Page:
The federal government of Nigeria has claimed that Mpape, one of the 19 slums slated for demolition, is a hiding place for members of Boko Haram, and should therefore be destroyed. Already a make-shift market in this community has been demolished. Meanwhile, the residents have debunked claims by the government that the area was marked for demolition because it served as haven for members of Boko Haram.
This unapproved settlement in the Federal Capital Territory is presently inhabited by about one million people, most of them working in Abuja metropolis. It has 110 schools, 90 private hospitals, and thousands of women and children who will be displaced without any plan of resettlement. The Residents who had a two-month demolition notice are now ruminating over the impending demolition of their houses by the Federal Capital Development Authority (FCDA) . Some of the tenants had paid their one-year rent only a week or less before the marking of their houses.
Speaking while welcoming the Chairman of the National Human Rights Commission, Dr. Chidi Odinkalu, who was on a tour of the area, the Chairman of the residents association, Mr Peter Magoh, said some people in government merely labelled Mpape a haven of Boko Haram to justify the decision to demolish the houses there. According to him, residents of the place have a security arrangement which made the place safe for all the residents.
He, however, said since the demolition started the security arrangement had collapsed and there had been an upsurge in crime rates. “If Boko Haram is the basis for demolishing houses in Mpape why has Maiduguri not been pulled down by now? It was a mere plot to justify the demolition. A case of calling the dog a bad name to hand it.”
He said since the threat of demolition started children could no longer go to school, while the only non-private and least expensive health center had stopped functioning.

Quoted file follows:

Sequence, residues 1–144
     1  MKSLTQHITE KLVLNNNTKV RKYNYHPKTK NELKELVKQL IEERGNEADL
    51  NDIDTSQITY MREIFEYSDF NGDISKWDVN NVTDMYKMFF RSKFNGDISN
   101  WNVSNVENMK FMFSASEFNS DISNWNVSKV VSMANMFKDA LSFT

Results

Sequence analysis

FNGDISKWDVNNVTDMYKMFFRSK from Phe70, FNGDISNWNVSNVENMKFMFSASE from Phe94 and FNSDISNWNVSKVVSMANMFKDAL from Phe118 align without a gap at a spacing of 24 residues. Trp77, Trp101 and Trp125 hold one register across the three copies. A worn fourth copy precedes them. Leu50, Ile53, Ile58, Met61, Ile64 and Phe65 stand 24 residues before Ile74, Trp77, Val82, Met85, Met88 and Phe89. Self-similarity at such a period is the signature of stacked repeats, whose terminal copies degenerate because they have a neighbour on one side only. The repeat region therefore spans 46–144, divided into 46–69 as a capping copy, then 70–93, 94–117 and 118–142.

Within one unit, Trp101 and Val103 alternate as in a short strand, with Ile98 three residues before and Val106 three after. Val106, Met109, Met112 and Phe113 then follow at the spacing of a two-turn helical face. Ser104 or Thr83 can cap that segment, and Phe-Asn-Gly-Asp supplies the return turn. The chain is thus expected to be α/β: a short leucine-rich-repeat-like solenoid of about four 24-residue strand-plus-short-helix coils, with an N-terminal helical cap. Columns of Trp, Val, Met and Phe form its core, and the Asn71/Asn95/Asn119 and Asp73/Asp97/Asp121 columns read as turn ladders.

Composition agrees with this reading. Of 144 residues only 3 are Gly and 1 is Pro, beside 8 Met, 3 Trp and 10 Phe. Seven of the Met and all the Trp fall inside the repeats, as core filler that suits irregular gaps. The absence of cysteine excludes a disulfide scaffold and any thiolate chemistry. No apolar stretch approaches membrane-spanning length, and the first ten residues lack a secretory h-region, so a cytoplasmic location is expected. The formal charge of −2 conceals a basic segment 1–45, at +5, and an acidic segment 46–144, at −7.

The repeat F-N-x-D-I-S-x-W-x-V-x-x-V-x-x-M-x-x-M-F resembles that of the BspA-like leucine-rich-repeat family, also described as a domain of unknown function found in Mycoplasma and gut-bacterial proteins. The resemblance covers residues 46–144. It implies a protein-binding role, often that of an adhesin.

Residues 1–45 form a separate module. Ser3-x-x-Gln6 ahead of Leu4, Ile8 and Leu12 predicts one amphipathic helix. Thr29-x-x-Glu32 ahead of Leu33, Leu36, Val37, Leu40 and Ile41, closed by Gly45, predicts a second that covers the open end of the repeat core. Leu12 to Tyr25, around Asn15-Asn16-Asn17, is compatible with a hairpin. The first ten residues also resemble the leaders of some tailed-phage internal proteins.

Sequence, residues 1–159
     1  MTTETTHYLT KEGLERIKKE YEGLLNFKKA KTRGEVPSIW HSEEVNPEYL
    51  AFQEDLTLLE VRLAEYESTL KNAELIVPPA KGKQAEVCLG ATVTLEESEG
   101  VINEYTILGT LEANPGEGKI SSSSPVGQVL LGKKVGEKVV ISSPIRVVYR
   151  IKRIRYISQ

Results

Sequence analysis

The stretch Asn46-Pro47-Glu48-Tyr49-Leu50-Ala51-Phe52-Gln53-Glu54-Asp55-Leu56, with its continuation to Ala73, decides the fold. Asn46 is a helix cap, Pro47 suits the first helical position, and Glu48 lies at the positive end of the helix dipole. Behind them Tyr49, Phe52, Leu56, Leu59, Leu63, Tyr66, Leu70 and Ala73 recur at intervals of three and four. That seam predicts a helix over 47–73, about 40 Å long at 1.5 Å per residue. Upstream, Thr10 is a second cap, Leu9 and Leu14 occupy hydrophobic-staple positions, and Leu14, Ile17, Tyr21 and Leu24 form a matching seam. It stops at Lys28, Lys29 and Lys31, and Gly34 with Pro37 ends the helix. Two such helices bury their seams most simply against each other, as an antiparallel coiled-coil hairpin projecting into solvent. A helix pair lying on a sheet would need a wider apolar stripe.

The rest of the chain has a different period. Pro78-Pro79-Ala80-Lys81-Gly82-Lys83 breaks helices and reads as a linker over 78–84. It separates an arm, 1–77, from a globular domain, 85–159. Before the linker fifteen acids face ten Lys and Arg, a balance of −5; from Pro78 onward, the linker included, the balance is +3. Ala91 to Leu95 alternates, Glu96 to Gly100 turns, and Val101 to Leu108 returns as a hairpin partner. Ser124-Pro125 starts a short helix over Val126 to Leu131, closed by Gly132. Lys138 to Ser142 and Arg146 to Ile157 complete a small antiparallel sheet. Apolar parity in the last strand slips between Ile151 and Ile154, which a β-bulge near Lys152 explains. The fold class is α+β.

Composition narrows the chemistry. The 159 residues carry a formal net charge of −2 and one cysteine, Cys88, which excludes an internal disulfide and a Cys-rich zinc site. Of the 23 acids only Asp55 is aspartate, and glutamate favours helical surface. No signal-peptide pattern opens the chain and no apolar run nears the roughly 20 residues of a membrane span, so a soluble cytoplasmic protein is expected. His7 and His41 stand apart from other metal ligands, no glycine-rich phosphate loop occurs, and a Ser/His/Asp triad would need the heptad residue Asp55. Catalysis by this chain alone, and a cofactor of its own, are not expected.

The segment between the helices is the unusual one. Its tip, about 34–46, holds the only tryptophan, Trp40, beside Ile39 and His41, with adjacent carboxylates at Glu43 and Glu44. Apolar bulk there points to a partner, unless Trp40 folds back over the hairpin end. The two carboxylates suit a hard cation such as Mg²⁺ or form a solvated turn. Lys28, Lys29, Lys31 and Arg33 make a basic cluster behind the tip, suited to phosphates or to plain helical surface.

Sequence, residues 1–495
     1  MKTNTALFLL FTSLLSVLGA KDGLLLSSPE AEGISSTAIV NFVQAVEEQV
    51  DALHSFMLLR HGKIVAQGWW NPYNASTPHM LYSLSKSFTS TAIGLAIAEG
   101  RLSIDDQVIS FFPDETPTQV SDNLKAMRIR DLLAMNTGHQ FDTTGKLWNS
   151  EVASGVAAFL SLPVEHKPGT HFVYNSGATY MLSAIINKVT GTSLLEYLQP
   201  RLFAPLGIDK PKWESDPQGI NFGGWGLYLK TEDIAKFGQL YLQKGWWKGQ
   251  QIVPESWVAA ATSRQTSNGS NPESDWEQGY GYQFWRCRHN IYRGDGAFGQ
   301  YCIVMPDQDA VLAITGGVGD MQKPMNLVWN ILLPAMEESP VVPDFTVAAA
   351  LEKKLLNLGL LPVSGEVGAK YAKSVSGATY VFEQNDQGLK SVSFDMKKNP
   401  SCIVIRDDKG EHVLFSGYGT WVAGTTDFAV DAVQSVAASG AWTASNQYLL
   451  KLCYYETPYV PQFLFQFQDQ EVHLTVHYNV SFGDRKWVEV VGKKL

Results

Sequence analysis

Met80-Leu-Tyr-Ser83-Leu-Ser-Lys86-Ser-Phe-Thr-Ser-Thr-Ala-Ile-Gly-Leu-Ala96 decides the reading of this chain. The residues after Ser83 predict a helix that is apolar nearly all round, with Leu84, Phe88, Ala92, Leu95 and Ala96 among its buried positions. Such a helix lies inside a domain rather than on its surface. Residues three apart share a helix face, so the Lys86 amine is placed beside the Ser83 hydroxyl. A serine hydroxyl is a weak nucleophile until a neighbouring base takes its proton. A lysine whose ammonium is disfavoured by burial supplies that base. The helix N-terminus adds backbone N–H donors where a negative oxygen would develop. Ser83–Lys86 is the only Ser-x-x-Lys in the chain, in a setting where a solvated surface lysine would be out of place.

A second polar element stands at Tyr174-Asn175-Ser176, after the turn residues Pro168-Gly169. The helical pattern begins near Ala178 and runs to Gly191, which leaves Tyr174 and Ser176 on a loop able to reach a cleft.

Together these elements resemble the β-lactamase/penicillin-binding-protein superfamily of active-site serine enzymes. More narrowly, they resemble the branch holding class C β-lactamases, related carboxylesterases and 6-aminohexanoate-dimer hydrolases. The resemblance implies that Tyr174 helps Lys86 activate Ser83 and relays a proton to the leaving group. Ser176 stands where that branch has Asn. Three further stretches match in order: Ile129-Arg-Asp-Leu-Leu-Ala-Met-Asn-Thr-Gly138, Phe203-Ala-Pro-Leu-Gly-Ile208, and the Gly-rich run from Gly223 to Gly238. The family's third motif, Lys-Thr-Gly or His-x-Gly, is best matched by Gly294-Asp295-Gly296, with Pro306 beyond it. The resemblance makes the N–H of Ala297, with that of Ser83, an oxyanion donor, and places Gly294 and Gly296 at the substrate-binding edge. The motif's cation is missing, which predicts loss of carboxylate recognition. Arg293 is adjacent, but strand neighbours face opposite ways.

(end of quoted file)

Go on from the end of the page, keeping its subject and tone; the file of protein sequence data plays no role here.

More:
According to him, some of the residents died as a result of shock occasioned by the threat to demolish their houses.
“People here are traumatized. They are under apprehension,” he added.
Residents of Mpape had written several petitions to the National Human Rights Commission (NHRC) claiming that the leadership of the FCT had threatened to demolish their houses. Addressing the residents, Odinkalu said the commission was concerned about the possible violation of the rights of the Mpape residents due to the demolition exercise. He noted that the right of children in Mpape to go to school under the Universal Basic Education (UBEC) scheme was already being violated. Odinkalu said he would convey the messages of the people to government.
He explained to them that the Attorney General of the Federation and Minister for Justice, Bello Adoke (SAN) had already written to the minister of the FCT to comply with orders of courts with respect to the demolition. Abuja was planned as a federal capital to accommodate all Nigerians, while relocating indigenous people to neighbouring states.
NHRC has commenced investigation into the planned eviction and demolition.